The Bureau of Meteorology (BoM) has warned of warmer and drier conditions over spring and summer for parts of Australia following a declaration that El Niño and a positive Indian Ocean Dipole (IOD) are underway.
In its long-range forecast, from October to December, the BoM is predicting maximum temperatures to be at least three times as likely to be unusually warm for most of the country, with the two climate drivers acting as contributing factors.
In Broken Hill, during the last El Niño and positive IOD event, October temperatures averaged 30.9 degrees – the hottest October on period since the dataset for Broken Hill Airport began –, rising to an average of 34.2 degrees throughout December and an average of 34.6 degrees within February. Of the 151 days between October 1, 2015, and February 28, 2016, 104 days were above 30 degrees, 53 were above 35 degrees, and 14 were above 40 degrees.
El Niño events increase the risk of extreme temperature shifts like heatwaves and hotter days and is part of a natural climate cycle that affects global weather and occurs on average every three to five years, the BoM made the El Niño declaration after three of the four El Niño criteria were met, including a sustained response in the atmospheric circulation above the tropic Pacific.
When a positive IOD and El Niño occur together, they tend to draw rain away, and their drying effect is typically stronger and more widespread across Australia. This year marks the seventh time since 1960 that El Niño and a positive IOD have happened at the same time, and the first time since 2015.
“Over spring, their combined impact can increase the chance of below average rainfall over much of the continent and higher temperatures across the southern two-thirds of the country. The Bureau’s three-month forecast for Australian rainfall and temperatures have been indicating warm and dry conditions for some time,” Bureau of Meteorology Climate Manager, Dr Karl Braganza said.
“An established El Niño and positive IOD reinforces our confidence in those predictions. Based on history, it is now also more likely that warm and dry conditions will persist over eastern Australia until autumn. Around two-thirds of Australia’s driest years on record were during El Niño however, no two El Niño or IOD events or their impacts are the same.”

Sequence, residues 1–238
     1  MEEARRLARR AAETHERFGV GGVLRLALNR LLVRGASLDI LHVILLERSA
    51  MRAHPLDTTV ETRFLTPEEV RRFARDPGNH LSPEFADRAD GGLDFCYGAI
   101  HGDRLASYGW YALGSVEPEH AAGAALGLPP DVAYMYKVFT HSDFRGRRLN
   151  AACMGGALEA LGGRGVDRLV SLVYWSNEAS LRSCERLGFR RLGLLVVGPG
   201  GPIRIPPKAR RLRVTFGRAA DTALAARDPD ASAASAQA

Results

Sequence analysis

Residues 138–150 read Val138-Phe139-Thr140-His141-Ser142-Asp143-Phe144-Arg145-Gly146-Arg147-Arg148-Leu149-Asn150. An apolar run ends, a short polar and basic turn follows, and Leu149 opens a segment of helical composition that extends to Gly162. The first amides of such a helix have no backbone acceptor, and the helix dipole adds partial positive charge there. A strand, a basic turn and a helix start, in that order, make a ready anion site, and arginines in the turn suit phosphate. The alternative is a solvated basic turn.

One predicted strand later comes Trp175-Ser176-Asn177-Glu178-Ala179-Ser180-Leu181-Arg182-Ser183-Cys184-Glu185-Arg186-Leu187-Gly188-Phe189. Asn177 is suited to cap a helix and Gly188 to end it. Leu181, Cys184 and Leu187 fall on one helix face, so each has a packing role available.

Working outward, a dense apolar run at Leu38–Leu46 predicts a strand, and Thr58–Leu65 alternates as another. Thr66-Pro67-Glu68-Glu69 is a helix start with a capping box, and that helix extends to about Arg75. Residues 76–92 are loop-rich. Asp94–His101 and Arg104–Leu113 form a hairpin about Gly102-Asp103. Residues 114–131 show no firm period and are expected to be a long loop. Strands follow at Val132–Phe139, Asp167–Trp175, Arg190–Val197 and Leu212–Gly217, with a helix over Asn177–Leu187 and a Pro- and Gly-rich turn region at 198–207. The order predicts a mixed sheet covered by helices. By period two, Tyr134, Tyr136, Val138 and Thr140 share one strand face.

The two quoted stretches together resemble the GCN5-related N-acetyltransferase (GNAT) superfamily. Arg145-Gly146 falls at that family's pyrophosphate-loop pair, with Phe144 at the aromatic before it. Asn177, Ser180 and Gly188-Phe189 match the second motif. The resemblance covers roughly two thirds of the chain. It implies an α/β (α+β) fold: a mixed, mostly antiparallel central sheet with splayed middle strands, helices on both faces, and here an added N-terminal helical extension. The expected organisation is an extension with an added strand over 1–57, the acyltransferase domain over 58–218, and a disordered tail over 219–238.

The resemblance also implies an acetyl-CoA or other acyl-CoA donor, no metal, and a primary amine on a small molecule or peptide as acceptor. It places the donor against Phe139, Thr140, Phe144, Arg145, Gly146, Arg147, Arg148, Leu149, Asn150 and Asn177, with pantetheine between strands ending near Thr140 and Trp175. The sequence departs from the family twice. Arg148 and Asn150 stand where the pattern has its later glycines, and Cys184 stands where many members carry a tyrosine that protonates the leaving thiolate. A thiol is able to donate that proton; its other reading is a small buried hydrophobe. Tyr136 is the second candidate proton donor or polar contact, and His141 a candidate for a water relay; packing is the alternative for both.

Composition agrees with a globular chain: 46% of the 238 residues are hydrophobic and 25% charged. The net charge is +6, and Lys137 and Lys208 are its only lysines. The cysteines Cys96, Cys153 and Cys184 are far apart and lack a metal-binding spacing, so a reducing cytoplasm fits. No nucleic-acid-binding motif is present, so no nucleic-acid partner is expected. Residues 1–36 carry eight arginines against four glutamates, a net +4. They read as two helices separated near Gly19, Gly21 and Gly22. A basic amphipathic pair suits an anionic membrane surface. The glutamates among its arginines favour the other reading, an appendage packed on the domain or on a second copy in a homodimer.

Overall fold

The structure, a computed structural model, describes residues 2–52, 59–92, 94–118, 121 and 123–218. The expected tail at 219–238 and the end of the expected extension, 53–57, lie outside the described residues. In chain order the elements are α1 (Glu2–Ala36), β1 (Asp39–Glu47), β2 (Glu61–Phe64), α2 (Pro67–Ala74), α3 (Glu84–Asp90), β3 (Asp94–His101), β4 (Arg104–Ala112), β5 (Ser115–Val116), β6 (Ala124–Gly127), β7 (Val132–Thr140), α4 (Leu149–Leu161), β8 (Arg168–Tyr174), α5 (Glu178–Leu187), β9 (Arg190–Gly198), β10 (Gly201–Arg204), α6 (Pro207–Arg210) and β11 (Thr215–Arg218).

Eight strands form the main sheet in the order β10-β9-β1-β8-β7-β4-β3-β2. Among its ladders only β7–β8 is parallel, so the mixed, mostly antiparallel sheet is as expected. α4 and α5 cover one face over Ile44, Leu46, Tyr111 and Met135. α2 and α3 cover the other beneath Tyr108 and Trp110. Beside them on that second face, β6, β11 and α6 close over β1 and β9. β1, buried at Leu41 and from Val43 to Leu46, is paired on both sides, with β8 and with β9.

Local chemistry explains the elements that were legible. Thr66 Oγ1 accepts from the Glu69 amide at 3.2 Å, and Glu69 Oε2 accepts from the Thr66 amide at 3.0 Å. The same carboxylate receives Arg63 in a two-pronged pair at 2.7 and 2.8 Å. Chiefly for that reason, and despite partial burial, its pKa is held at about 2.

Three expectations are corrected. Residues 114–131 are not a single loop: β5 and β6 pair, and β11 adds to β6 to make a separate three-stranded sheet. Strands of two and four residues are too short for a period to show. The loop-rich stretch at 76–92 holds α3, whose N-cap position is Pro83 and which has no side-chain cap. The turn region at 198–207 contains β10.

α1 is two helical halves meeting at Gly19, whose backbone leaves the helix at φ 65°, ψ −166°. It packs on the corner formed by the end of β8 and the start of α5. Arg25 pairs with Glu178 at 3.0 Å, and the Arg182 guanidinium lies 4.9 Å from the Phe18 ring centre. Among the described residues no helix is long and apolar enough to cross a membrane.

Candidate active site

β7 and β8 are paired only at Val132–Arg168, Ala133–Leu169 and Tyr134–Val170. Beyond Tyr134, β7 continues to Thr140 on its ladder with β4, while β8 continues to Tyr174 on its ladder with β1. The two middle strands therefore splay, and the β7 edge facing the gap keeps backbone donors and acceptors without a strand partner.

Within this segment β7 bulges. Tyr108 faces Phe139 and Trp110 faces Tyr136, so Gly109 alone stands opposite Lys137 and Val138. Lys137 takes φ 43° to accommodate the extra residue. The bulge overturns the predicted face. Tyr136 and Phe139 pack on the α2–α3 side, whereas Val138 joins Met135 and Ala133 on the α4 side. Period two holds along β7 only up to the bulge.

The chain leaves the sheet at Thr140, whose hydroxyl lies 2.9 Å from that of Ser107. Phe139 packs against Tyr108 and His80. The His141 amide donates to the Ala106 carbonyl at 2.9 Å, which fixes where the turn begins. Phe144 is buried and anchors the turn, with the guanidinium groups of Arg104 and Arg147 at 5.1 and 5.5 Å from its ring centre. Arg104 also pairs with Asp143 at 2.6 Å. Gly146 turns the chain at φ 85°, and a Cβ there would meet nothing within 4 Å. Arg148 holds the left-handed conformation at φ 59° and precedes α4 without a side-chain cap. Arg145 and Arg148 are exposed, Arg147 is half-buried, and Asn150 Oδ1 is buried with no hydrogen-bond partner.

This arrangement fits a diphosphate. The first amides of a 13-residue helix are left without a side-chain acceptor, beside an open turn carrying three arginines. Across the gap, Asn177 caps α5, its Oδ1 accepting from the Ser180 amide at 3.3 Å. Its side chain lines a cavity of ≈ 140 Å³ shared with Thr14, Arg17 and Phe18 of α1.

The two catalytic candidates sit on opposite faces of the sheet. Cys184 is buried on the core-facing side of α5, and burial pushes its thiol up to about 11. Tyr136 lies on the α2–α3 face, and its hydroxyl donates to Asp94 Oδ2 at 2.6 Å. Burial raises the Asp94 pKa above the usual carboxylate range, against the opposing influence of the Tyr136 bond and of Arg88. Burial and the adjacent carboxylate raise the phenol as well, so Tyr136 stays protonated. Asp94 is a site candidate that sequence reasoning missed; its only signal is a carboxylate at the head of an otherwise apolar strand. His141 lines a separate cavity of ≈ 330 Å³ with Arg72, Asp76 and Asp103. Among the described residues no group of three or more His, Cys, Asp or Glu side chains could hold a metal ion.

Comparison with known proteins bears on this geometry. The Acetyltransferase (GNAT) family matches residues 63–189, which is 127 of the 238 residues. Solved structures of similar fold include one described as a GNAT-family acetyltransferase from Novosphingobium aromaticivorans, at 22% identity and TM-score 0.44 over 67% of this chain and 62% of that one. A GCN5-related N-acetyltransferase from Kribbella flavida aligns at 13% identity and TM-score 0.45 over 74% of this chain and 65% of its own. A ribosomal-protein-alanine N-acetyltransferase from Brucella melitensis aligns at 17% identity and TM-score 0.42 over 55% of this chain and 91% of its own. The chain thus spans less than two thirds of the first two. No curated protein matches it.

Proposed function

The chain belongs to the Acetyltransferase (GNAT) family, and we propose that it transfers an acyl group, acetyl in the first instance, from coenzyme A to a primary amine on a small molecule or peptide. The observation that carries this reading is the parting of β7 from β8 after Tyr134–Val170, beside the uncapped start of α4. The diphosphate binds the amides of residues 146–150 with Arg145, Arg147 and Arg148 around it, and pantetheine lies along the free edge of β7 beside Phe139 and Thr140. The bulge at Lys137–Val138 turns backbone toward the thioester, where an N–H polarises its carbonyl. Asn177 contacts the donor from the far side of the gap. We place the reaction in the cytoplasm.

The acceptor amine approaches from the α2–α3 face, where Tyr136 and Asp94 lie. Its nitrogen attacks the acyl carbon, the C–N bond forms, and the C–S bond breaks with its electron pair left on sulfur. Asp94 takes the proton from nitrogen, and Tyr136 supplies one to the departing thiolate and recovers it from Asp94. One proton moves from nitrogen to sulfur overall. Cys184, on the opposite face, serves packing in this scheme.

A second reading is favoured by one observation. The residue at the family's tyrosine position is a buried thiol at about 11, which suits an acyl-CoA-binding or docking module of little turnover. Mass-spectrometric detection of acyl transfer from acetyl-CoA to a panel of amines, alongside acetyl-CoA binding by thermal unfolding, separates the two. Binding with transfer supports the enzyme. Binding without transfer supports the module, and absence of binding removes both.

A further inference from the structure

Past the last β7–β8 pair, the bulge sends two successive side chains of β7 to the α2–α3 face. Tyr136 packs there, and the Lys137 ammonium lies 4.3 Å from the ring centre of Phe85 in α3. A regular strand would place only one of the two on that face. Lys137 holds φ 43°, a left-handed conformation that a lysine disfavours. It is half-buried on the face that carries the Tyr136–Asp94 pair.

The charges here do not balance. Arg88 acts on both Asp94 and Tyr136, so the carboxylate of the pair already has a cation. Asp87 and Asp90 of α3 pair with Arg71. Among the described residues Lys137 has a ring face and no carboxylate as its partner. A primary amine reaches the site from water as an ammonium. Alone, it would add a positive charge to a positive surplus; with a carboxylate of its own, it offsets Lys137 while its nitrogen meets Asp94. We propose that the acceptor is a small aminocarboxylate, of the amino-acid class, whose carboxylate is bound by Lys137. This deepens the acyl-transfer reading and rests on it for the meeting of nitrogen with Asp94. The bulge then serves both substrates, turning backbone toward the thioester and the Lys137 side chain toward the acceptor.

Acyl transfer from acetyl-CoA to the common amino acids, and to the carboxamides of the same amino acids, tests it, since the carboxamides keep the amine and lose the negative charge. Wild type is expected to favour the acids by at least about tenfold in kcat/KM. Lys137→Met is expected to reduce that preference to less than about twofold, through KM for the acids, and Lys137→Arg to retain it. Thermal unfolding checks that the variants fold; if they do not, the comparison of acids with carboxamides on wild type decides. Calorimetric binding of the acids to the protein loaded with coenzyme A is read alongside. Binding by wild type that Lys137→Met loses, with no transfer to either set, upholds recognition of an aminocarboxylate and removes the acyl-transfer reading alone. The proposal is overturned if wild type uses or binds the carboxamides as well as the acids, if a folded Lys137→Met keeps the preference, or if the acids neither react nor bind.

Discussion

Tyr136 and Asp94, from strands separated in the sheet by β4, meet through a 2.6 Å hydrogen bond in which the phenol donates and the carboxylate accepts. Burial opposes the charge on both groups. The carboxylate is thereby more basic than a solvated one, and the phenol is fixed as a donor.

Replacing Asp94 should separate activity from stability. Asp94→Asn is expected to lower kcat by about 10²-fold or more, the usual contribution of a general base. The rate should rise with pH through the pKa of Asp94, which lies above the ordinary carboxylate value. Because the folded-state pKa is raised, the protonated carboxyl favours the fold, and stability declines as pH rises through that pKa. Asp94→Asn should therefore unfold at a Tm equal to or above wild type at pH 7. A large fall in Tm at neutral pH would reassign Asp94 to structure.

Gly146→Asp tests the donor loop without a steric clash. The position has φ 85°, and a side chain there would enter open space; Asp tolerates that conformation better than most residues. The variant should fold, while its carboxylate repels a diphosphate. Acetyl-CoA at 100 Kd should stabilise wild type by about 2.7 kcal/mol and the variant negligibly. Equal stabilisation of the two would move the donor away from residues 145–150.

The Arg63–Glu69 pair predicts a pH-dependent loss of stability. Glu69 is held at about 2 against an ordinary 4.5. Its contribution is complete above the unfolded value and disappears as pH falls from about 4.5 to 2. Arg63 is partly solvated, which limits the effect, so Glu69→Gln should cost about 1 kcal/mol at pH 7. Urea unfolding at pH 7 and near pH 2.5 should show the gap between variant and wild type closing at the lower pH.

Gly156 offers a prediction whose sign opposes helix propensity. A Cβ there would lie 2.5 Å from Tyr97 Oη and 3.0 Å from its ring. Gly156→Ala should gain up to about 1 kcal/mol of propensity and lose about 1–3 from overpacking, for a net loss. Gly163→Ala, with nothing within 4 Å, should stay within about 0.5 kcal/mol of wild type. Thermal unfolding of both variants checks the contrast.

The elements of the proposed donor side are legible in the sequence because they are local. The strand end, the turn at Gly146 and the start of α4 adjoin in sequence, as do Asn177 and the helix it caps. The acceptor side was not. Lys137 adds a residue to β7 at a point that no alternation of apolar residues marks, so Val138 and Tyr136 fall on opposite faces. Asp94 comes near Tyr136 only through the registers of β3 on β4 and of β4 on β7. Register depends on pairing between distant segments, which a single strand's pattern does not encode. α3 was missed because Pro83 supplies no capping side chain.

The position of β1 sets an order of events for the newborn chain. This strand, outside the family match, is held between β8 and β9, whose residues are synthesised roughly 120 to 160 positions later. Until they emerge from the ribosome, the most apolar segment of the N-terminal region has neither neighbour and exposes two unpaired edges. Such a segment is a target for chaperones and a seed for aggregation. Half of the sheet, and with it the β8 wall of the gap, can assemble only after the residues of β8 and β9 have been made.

Bureau Senior Climatologist, Catherine Ganter, added that “similar to El Niño, the IOD describes a natural climate cycle brought about by sustained changes in the difference between sea surface temperatures in the tropical western and eastern Indian Ocean”.
It’s nothing new to suggest it gets hot in the Silver City over summer. Average summer temperatures since 2012-13 have hovered between 31.37 (2020-21) and 35.47 (2018-19). By including October and November into the calculations, it remains upwards of 31 degrees. Both the hottest average temperatures recorded in the dataset from January (38.3) and December (35.4) were both in 2019.
But now, heading into the last few months of 2023, there’s the added threat of El Niño and positive IOD event that will take us into a scorching summer period. And while the BoM says their impacts aren’t the same, it’s certainly had its effect on the city the last time the two events occurred.
Given these predictions, it is advisable to follow the recommendations from the Cancer Council to ‘slip, slop, slap, seek, and slide’ in preparations for the heatwave that’s about the descend upon the town.